The term garderobe describes a place where clothes are stored (wardrobe is a related term), but may also be used for places where other items are stored, or euphemistically for historical toilets.
In European public places, a garderobe denotes the cloakroom, but it may also be an alcove or an armoire. In Danish, Dutch, German, and Spanish garderobe can mean a cloakroom. In Latvian it means checkroom.
In its euphemistic meanings, a garderobe is either a close stool or a medieval or Renaissance lavatory or toilet. In a medieval castle or other building, a garderobe usually was a simple hole discharging to the outside. Such toilets were often placed inside a small chamber, leading by association to the use of the term garderobe to describe them. Depending on the structure of the building, garderobes could lead to cess pits or moats. Many can still be seen in Norman and medieval castles and fortifications. They became obsolete with the introduction of indoor plumbing.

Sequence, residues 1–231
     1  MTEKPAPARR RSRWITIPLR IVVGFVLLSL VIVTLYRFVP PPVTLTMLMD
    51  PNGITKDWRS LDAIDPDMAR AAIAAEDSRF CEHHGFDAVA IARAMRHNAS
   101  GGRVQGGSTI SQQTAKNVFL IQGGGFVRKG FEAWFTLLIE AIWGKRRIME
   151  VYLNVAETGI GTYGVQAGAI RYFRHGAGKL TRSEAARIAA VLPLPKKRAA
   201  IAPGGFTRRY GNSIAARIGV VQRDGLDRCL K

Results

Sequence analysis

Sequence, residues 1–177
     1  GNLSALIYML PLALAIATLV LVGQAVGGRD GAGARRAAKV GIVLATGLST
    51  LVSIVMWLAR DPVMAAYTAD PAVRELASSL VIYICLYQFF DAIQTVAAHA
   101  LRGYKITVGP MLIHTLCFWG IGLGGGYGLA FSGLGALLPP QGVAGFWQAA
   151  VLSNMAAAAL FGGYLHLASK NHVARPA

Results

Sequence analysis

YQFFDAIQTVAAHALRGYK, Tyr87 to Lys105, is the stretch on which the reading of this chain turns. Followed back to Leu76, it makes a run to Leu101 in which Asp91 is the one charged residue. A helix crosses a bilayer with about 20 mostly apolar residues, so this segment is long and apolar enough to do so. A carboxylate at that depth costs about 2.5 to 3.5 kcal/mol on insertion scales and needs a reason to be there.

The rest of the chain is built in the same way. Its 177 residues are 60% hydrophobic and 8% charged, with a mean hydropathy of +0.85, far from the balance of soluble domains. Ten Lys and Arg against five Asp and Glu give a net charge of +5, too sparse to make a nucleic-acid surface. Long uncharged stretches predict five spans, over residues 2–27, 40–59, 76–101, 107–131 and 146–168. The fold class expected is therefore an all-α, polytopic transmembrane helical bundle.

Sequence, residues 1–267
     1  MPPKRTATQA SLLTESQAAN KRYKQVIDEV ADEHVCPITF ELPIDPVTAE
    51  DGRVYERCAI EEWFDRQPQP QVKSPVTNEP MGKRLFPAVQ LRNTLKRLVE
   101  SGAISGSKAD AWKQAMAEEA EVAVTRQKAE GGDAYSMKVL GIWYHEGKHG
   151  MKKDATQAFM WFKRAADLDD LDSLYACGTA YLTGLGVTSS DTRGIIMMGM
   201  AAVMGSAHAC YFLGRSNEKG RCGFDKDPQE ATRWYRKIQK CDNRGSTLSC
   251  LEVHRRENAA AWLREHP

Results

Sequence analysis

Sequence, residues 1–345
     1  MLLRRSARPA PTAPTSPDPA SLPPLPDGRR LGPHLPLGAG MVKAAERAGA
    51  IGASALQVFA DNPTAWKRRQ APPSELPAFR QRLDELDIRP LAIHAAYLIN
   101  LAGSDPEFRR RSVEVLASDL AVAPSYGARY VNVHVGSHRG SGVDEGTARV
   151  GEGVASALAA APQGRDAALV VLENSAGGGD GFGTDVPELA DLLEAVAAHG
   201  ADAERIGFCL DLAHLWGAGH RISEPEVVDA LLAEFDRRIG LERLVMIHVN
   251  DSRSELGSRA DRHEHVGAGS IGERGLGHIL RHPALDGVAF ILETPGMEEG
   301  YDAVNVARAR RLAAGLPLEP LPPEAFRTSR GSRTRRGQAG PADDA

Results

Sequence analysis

A description of the garderobe at Donegal castle indicates that during the time when the castle garderobe was in use it was believed that ammonia was a disinfectant and that visitor's coats and cloaks were kept in the garderobe. The construction of garderobes was not limited to Britain and Ireland; they were also common in medieval castles on the continent. An example is Bürresheim Castle in Germany, where three garderobes are still visible today.
According to the medieval architecture scholar, Frank Bottomley, garderobes were:
Properly, not a latrine or privy but a small room or large cupboard, usually adjoining the chamber or solar and providing safe-keeping for valuable clothes and other possessions of price: cloth, jewels, spices, plate and money.